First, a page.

“I think the one that stands out to me, other people may not recognize, is his conditioning because his body has changed since he got to TCU,” Dixon said. “He came in a little chunky, to be honest. His body fat has changed dramatically, his conditioning is way better. Those are the things I really thought we had to address.”
On the court during the Purple and White scrimmage, Miles had 12 points while initiating the White Team’s offense and picking up the Purple Team’s primary ball-handler on most defensive possessions.
“I think he’s more of a leader, which just comes with being a second-year guy in our league. That makes you old in this league now, or at least a veteran. Those things really stand out, which are the most important things really for a point guard. I think he’s going to be a better defender.”
Chuck O’Bannon could be making a Desmond Bane-like leap from the three-point line
No, Chuck O’Bannon isn’t necessarily a few years away from becoming a starting NBA shooting guard like Horned Frog basketball alum Desmond Bane. However, O’Bannon does seem to be in the process of making significant improvement in his three-point shooting like Bane did across his four seasons at TCU.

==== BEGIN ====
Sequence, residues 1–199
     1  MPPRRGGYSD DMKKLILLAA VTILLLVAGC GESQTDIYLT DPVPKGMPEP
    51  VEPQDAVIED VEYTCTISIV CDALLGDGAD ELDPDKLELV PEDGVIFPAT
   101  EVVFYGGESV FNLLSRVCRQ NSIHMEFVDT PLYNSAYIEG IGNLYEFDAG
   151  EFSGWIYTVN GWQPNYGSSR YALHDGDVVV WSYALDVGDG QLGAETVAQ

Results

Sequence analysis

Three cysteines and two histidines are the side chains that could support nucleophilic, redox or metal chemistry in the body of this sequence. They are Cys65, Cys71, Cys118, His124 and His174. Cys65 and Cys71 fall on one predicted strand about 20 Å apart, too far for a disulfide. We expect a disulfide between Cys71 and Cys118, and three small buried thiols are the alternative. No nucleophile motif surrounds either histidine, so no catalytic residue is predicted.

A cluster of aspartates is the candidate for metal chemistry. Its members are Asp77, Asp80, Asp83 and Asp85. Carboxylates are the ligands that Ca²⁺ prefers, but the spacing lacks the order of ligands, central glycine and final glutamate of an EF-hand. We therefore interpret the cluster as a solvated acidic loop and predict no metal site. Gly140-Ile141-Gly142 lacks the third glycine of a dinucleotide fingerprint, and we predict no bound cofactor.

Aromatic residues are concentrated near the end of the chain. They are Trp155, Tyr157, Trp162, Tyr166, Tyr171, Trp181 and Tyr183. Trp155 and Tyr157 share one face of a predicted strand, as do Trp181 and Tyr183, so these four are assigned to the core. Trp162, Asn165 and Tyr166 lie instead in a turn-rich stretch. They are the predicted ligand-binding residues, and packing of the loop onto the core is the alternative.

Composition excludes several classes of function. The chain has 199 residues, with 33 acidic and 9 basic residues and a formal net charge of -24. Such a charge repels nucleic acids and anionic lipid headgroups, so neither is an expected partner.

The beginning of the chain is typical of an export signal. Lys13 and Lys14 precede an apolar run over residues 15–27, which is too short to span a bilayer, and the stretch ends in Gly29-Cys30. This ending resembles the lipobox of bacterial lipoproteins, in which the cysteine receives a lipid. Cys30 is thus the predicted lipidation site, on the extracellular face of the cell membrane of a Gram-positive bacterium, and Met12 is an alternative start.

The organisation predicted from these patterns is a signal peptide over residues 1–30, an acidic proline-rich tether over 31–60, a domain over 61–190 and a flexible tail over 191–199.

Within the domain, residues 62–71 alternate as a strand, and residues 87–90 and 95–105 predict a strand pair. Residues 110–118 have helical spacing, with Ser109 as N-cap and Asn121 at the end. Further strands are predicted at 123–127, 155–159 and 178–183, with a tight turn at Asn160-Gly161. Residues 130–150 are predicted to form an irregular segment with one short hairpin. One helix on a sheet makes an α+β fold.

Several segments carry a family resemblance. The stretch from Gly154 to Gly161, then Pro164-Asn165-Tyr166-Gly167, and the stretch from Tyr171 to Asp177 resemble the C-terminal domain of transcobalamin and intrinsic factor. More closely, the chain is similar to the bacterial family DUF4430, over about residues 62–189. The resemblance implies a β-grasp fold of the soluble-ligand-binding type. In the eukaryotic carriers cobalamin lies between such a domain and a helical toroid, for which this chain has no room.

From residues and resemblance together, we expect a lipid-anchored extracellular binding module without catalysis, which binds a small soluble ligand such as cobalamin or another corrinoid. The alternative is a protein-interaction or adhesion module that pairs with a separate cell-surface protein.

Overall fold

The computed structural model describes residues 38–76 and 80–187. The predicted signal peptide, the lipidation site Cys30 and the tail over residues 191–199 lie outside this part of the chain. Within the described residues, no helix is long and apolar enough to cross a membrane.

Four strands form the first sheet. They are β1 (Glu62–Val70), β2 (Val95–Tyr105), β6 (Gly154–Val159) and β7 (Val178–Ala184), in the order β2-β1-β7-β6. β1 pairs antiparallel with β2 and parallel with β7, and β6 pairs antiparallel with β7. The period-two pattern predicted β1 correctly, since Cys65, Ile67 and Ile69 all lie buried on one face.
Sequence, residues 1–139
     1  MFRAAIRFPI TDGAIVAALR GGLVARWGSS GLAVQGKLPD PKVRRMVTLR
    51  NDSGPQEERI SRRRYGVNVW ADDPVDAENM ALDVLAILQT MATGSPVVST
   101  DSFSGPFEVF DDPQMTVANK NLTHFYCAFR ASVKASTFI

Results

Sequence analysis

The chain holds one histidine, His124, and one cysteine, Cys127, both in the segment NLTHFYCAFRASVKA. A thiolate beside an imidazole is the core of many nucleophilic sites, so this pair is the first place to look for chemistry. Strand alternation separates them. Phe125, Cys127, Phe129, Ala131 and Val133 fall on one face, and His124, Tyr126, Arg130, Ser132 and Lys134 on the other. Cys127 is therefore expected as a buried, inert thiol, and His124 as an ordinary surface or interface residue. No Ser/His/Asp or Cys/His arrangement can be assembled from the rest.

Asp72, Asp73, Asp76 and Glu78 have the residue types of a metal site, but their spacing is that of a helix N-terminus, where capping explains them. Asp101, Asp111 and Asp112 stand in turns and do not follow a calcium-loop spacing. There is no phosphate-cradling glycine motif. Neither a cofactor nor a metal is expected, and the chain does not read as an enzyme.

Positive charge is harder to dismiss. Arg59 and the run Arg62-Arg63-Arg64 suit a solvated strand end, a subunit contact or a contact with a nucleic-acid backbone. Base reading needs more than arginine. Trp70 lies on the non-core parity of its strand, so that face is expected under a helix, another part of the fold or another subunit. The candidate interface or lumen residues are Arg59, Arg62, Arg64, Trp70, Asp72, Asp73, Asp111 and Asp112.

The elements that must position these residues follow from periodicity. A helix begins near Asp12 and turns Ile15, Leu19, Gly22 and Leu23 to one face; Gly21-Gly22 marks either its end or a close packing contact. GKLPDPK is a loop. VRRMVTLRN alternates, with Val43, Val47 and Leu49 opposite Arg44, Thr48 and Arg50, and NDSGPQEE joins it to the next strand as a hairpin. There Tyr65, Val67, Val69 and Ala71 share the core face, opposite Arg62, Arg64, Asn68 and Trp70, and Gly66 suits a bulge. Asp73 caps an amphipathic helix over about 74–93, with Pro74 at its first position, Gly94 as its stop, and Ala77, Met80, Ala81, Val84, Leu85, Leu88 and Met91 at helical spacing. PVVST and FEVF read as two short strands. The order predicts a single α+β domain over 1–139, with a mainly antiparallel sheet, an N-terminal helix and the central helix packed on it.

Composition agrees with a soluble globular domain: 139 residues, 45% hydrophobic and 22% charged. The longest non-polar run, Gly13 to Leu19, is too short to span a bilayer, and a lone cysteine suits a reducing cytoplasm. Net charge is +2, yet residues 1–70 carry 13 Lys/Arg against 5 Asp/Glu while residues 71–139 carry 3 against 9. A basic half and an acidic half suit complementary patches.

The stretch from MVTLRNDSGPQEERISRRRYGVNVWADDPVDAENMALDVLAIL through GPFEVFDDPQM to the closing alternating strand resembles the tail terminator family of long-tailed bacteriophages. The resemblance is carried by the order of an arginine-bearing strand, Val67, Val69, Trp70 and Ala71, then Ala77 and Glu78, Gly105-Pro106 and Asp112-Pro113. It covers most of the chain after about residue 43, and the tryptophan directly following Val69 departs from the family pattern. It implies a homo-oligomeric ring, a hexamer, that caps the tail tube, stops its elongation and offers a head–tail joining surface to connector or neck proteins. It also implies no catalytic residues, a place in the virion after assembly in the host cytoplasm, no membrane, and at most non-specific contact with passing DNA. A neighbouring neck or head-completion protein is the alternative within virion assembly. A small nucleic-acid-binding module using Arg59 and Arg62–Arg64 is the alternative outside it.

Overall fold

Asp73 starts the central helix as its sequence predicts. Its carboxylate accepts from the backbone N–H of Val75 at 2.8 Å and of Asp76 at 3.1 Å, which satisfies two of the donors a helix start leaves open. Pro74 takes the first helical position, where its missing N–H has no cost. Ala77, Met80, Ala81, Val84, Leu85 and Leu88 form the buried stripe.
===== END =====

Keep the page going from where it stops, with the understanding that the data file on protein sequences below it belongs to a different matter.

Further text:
Bane shot 38 percent from three his first season at TCU, and O’Bannon shot 36.8 percent his first year at TCU. In the scrimmage, O’Bannon scored a game-high 21 points while knocking down five three-pointers. What stood out about these three’s was his confidence when pulling up. O’Bannon was drilling them from the corners as well as the wings.
His release seemed faster and smoother as he hunted for his perimeter shot, calling for the ball behind the arc on fastbreaks and calmly knocking down shot after shot. Dixon’s motion offense is predicated on three-point shooting creating space for ball-handlers to work off pick-and-roll plays. If O’Bannon continues shooting like that over the course of the season, he could significantly raise the ceiling of the 2021-2022 Horned Frogs team.
Roster turnover could lead to TCU’s best perimeter defense